Top 5 Things to Know About Your Mortgage Now


These are the key factors that will affect Canadian mortgages and rates going forward.

1. The latest employment data

Last Friday, Statistics Canada estimated that our economy created 62,000 new jobs in November, far more than the consensus estimate of 20,000.

The market reaction to this upside surprise was muted, however, as data only tracked results through November 14, meaning most of the impact of the recently introduced foreclosure measures did not materialize. still reflected in the numbers.

Namely, Manitoba introduced tougher restrictions on November 12 and despite a narrow overlap of just three days with November data from Statistics Canada, that province recorded a loss of almost 18,000 jobs last month. This is interpreted as a worrying sign for Ontario, which introduced tighter restrictions in the Toronto area on November 20.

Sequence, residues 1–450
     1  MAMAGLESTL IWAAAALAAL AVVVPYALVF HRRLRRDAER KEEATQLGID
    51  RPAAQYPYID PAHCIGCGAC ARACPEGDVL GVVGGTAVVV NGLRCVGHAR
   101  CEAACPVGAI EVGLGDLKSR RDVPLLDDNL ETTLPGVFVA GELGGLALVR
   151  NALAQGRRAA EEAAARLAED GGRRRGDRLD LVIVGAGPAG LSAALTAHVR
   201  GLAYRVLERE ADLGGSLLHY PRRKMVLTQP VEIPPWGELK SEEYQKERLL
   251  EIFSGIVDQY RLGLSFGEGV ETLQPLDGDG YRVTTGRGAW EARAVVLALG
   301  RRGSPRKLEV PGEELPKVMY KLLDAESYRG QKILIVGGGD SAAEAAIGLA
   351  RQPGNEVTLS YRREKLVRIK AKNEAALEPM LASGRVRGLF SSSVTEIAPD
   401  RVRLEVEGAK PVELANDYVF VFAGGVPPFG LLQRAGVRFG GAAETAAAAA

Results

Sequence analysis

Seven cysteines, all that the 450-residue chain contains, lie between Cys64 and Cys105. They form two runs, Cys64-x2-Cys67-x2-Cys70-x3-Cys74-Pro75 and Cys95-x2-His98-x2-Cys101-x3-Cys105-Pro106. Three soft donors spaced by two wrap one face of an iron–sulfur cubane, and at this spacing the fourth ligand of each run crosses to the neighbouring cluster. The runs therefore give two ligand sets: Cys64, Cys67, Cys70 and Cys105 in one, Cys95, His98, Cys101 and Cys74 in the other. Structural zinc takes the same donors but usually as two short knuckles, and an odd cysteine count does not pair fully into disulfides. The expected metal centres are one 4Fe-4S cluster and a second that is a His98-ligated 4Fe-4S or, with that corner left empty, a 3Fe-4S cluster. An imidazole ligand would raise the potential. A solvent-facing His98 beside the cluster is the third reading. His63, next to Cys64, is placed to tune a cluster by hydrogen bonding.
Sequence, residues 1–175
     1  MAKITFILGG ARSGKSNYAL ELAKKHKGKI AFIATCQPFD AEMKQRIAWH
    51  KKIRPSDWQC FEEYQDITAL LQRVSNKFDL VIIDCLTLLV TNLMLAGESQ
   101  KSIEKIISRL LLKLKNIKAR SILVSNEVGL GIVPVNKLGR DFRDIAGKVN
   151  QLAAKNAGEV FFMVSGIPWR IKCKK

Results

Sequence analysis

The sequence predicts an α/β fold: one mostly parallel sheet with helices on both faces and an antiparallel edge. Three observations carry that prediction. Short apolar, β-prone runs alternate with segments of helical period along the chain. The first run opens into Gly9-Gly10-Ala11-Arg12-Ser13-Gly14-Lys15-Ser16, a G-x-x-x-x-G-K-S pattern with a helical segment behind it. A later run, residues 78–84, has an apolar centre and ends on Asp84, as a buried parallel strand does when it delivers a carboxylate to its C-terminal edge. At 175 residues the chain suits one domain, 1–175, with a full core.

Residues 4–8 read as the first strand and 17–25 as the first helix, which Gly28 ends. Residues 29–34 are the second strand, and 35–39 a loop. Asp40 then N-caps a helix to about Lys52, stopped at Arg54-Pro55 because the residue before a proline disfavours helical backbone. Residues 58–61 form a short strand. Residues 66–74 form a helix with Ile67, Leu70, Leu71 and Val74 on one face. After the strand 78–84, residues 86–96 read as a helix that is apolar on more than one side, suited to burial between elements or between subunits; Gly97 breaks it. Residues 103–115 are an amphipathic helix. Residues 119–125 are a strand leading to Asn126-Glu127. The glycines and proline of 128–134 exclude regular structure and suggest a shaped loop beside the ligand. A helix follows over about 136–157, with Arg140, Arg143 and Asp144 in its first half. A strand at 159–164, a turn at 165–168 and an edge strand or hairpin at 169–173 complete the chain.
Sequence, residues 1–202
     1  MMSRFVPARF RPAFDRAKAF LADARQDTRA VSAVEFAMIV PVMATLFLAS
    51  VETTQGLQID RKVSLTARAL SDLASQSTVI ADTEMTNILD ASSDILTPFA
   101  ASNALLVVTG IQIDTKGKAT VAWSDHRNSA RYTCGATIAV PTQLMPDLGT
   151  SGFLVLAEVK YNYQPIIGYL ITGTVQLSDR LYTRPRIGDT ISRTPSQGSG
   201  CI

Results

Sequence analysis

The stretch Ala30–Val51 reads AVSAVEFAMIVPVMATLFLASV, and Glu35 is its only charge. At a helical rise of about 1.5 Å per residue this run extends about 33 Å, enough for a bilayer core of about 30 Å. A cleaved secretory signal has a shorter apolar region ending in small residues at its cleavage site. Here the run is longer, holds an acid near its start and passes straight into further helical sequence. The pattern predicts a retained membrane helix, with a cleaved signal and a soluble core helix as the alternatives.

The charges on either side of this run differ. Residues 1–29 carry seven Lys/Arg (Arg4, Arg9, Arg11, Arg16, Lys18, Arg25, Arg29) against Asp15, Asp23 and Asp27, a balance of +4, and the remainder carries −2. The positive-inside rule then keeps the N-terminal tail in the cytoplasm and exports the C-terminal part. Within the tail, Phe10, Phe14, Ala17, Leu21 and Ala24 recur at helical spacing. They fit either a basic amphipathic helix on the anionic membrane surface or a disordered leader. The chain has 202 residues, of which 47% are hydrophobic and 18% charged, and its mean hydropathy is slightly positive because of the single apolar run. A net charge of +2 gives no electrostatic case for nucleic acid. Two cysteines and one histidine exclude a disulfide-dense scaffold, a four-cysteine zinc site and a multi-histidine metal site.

Our latest employment results were good news, but concerns previously expressed That increasing COVID infection rates will reduce our employment momentum still seems well founded.

2. The debt deferral cliff

When the first wave of the pandemic was in full swing, CMHC CEO Evan Siddall worryingly warned of a debt deferral cliff that would materialize when deferred mortgage repayment periods were exhausted and debt deferred. Canadians could not make their mortgage payments.

Most lenders allowed a maximum deferral period of six months. Since most postponements started in the spring, that meant September and October would become the truth months.

Fast forward to now.